Leaders from the satellite imaging industry presented a long list of regulation reforms they want to see from the Trump administration during a panel discussion March 14 during the 2018 Satellite show held in Washington D.C.
To allow the space industry to thrive, industry officials called for a regulatory process that is more efficient, transparent and narrowly focused. The panelists described the current regulatory regime as a convoluted process that stifles innovation and “tells you no slowly, but can’t tell you why.”
The remote sensing regulatory environment currently operates on “the presumption of no,” said Walter Scott, executive vice president and chief technology officer at Maxar Technologies. Last year Maxar acquired satellite imagery provider DigitalGlobe. “If telecommunications had been regulated this way, instead of smartphones we’d be up here with devices that have big dials and wires attached to them.”
A common concern among the industry panelists was the rise of competition in the space domain, especially from foreign actors that are less constrained by regulatory burdens imposed on American space companies.
“Taking three months to write a report to make a committee to study something about a decision just doesn’t cut it in a world where this technology is becoming rapidly available to almost everyone,” said Peter Platzer, the chief executive, a satellite imagery company based in St. Louis.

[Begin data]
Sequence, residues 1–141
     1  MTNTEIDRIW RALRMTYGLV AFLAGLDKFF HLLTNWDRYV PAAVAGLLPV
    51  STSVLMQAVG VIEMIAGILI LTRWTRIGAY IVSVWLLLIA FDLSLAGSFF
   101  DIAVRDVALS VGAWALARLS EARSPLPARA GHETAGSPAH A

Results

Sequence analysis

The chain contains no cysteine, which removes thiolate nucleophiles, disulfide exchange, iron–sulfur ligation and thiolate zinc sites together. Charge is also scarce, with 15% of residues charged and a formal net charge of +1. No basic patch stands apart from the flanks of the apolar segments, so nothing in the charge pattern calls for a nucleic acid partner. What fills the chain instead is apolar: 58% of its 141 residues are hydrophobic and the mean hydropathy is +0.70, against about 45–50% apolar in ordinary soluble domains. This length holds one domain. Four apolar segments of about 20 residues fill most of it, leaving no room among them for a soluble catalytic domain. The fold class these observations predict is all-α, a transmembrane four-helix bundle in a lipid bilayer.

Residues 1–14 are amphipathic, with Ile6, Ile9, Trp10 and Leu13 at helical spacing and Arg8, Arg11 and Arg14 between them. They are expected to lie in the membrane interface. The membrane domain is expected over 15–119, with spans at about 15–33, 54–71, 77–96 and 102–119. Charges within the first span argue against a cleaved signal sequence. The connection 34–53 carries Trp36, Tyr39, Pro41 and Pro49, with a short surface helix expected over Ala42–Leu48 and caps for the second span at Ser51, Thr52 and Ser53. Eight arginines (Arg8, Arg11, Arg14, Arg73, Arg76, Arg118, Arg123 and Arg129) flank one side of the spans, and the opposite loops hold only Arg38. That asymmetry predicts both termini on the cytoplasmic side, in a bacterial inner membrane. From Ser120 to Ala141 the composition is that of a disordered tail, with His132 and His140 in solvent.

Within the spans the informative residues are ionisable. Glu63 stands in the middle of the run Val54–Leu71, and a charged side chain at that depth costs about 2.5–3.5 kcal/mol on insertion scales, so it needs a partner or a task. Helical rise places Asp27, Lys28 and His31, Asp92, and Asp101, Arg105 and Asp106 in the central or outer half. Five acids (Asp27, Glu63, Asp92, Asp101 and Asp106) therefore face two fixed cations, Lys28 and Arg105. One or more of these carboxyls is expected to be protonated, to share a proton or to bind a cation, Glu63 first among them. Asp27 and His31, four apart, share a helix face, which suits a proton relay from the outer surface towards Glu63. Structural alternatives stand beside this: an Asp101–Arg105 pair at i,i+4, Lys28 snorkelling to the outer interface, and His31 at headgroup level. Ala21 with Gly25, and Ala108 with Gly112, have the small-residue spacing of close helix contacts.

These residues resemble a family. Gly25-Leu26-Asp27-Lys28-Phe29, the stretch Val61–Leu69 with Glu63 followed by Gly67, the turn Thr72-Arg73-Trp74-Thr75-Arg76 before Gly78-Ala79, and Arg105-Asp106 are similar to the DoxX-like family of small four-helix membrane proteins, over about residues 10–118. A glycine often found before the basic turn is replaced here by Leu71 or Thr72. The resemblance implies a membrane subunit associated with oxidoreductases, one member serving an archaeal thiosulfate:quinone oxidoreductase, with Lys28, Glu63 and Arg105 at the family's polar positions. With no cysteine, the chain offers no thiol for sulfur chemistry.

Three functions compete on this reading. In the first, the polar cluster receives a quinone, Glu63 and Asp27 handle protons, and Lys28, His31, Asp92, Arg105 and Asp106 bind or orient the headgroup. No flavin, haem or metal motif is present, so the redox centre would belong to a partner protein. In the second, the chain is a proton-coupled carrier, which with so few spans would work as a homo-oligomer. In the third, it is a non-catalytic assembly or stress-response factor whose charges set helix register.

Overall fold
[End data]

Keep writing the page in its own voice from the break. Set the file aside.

DoD leaders have historically said reviews are necessary to understand the national security implications of new satellite technology. Only a handful of DoD officials served on panels during the four day conference.
Industry leaders said they hoped their grievances will be well received by the Trump administration, which has taken a both a pro-space and anti-regulation posture in its first year. The administration reactivated the National Space Council last summer and President Donald Trump recently floated the idea of creating a new “Space Force” dedicated to space warfare.
A report from the Department of Commerce on space regulations is due out by July 1. The department’s secretary, Wilbur Ross, has said he wants to reform the process by creating a single space commerce office. (Ross headlined a keynote dinner to satellite leaders during the conference.) The panelists said they were hopeful that the report would lead to a more streamlined and transparent space licensing process.
Some in the space community have proposed the idea of “permissionless” authorization, in which space licence applications would be automatically approved unless a specific objection is proposed within a determined number of days.
“I don’t think we’re going to go that far,” said Peter Hays, a space policy consultant who works with the Department of Defense. “But I think we’re heading in that direction.”